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The Deadly Potential of Synthetic Cannabis

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Two men have died in Australia from what authorities say they suspect is a case of poisoning caused by a batch of synthetic cannabis.

The two men in Mackay in central Queensland, one age 33 and the other 41, died on successive days, say police who've initiated a probe into recent incidents and a spate of hospitalizations linked to the synthetic cannabis.

Medical experts sounded an alarm over the usage of the substances.

"People need to be cautious about consuming these products where the ingredients are unknown," said Dr. David Farlow of the Mackay Hospital, where the 41-year-old man died after being on life-support.

"These drugs pose a major risk to an individual's physical and mental health and the community," he said.

Drug users are increasingly turning to the synthetic products claimed to provide the same affect as natural marijuana by mimicking THC, the active ingredient contained in the natural version.

The products are marketed under a variety of names, with one of the most common being sold as "Spice."

Originally created to study the neurobiology of cannabis in animal testing, the synthetic compounds were never intended for human use.

"Synthetic cannabinoids certainly have the potential to be significantly more dangerous than the natural plant material that they supposedly mimic," says David Caldicott, an emergency physician with the Australian National University in Canberra.

The problem, the experts say, is that such compounds are fairly easy to synthesize, which has created a global cottage industry making and selling synthetic cannabis without regulation, standards or quality control.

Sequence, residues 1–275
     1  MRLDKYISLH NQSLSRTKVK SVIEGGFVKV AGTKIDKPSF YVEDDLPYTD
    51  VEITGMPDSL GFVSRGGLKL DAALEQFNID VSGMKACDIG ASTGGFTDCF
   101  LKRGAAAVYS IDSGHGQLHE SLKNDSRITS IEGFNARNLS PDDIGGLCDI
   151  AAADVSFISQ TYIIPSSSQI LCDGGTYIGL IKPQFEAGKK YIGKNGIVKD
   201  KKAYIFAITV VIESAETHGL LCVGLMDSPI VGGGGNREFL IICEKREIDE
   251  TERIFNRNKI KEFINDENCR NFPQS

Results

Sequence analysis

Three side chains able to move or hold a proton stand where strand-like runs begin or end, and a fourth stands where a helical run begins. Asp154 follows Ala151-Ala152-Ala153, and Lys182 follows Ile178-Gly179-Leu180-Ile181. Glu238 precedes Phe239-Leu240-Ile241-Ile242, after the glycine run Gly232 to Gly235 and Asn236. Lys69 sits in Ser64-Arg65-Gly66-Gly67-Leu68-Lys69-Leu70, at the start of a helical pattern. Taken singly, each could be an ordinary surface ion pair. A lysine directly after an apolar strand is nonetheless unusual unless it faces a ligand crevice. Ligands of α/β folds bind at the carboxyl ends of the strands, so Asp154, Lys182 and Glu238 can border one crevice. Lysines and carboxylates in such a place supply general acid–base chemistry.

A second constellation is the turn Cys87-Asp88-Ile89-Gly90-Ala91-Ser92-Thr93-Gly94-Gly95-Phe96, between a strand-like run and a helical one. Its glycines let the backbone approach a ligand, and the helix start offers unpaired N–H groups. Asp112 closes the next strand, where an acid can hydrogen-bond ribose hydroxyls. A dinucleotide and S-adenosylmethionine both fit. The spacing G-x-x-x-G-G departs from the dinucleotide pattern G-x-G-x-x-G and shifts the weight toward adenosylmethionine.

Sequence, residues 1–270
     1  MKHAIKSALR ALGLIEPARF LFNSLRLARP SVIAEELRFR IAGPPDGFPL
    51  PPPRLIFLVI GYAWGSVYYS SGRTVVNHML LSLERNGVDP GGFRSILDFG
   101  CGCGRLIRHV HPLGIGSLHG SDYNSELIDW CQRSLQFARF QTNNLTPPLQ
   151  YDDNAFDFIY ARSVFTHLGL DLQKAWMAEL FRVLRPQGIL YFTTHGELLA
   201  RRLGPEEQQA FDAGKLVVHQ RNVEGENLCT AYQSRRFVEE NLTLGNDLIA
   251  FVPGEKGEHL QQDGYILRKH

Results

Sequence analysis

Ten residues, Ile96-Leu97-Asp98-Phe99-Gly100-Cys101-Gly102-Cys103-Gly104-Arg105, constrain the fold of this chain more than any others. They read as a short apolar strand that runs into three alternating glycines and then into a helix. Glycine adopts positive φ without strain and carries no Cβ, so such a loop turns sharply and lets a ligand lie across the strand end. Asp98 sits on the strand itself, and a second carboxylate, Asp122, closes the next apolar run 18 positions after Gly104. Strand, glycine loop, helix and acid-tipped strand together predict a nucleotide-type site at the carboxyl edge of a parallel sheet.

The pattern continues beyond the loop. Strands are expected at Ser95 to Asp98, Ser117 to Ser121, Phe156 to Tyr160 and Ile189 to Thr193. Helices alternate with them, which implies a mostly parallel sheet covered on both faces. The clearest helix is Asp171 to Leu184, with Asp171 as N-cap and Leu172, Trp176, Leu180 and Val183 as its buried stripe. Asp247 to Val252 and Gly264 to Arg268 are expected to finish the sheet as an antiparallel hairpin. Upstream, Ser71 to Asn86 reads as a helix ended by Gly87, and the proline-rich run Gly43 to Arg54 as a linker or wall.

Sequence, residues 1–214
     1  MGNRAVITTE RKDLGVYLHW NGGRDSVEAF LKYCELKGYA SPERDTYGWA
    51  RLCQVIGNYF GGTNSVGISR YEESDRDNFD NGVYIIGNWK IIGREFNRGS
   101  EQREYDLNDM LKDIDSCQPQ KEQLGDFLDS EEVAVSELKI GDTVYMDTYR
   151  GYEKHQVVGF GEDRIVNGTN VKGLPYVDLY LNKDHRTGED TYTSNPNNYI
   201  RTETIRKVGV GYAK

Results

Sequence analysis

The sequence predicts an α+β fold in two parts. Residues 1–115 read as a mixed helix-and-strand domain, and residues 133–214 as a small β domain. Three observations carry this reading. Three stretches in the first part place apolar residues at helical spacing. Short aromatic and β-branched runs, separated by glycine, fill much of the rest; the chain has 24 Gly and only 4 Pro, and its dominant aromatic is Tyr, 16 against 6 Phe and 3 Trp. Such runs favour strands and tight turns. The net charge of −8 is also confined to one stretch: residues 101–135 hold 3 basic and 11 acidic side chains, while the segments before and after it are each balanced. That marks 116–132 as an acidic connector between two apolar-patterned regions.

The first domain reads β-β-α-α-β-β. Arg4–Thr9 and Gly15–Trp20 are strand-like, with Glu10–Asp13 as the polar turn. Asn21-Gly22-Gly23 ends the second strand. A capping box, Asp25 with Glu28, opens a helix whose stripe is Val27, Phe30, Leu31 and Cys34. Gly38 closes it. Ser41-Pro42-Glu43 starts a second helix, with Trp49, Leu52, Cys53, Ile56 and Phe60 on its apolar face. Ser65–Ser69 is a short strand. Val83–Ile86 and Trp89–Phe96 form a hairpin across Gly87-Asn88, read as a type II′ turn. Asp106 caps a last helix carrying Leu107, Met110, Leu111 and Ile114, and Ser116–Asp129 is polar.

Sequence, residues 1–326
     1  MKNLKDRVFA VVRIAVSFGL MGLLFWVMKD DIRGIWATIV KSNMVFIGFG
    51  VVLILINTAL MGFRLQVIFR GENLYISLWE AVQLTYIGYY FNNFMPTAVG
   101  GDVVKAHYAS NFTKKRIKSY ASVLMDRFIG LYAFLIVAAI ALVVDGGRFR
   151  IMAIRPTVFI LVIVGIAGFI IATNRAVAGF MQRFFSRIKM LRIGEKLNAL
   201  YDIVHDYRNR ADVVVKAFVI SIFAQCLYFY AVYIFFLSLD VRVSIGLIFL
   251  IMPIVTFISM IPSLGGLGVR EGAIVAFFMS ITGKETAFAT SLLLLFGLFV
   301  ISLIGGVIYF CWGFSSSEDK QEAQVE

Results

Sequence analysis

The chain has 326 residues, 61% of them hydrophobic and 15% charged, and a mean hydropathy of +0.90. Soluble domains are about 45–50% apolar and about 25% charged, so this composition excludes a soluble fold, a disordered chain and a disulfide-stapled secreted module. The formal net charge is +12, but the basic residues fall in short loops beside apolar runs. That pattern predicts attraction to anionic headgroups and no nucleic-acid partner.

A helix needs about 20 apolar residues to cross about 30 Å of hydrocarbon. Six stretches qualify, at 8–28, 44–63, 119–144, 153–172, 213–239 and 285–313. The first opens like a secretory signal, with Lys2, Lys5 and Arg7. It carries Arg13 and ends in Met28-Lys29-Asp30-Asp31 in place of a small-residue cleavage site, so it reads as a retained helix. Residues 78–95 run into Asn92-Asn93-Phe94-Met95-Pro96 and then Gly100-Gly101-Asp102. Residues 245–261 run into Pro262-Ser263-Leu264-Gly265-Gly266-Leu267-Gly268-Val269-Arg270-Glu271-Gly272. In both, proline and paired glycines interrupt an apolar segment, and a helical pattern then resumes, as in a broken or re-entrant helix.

The result is "a large variety of synthetic cannabinoids with largely unknown toxicity," says Richard Kevin, a psychopharmacology doctoral candidate at the University of Sydney.

And "because they are simply sprayed onto whatever carrier plant material is chosen," Caldicott points out, "hot spots can occur where the concentration is higher than intended."

Many drug users have turned to synthetic varieties in an effort to frustrate drug testing, experts say, since although the effects are similar to marijuana the molecular makeup of most synthetic versions is different and they are not picked up by standard drug testing.

Although some synthetic cannabinoids appear to be relatively safe, Kevin says, others have been linked to panic attacks, acute kidney injury and seizures.

In addition, he says, his own studies using mice suggest "long-term memory impairment after heavy chronic dosing."

Australian states have outlawed synthetic drugs that mimic cannabis, but to keep ahead of the law and drug tests, many makers constantly alter their recipes.

"The rate of evolution of these drugs is such that many have never been seen before," Caldicott says.

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